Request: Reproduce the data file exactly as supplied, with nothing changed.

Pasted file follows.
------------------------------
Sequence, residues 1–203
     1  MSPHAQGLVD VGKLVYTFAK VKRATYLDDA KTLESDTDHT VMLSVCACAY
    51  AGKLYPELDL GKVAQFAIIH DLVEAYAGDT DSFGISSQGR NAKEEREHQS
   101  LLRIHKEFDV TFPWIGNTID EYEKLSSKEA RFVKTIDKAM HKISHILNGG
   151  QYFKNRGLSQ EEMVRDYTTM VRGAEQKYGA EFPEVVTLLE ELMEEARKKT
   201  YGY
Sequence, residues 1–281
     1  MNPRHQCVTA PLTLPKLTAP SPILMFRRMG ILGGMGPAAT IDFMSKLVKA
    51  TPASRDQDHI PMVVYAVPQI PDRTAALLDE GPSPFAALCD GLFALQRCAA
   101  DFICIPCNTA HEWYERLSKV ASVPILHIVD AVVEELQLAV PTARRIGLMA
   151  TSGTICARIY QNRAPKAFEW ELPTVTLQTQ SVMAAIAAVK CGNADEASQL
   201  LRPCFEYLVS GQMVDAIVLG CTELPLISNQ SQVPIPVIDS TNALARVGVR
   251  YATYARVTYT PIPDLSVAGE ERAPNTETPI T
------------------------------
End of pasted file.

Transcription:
Sequence, residues 1–203
     1  MSPHAQGLVD VGKLVYTFAK VKRATYLDDA KTLESDTDHT VMLSVCACAY
    51  AGKLYPELDL GKVAQFAIIH DLVEAYAGDT DSFGISSQGR NAKEEREHQS
   101  LLRIHKEFDV TFPWIGNTID EYEKLSSKEA RFVKTIDKAM HKISHILNGG
   151  QYFKNRGLSQ EEMVRDYTTM VRGAEQKYGA EFPEVVTLLE ELMEEARKKT
   201  YGY
Sequence, residues 1–281
     1  MNPRHQCVTA PLTLPKLTAP SPILMFRRMG ILGGMGPAAT IDFMSKLVKA
    51  TPASRDQDHI PMVVYAVPQI PDRTAALLDE GPSPFAALCD GLFALQRCAA
   101  DFICIPCNTA HEWYERLSKV ASVPILHIVD AVVEELQLAV PTARRIGLMA
   151  TSGTICARIY QNRAPKAFEW ELPTVTLQTQ SVMAAIAAVK CGNADEASQL
   201  LRPCFEYLVS GQMVDAIVLG CTELPLISNQ SQVPIPVIDS TNALARVGVR
   251  YATYARVTYT PIPDLSVAGE ERAPNTETPI T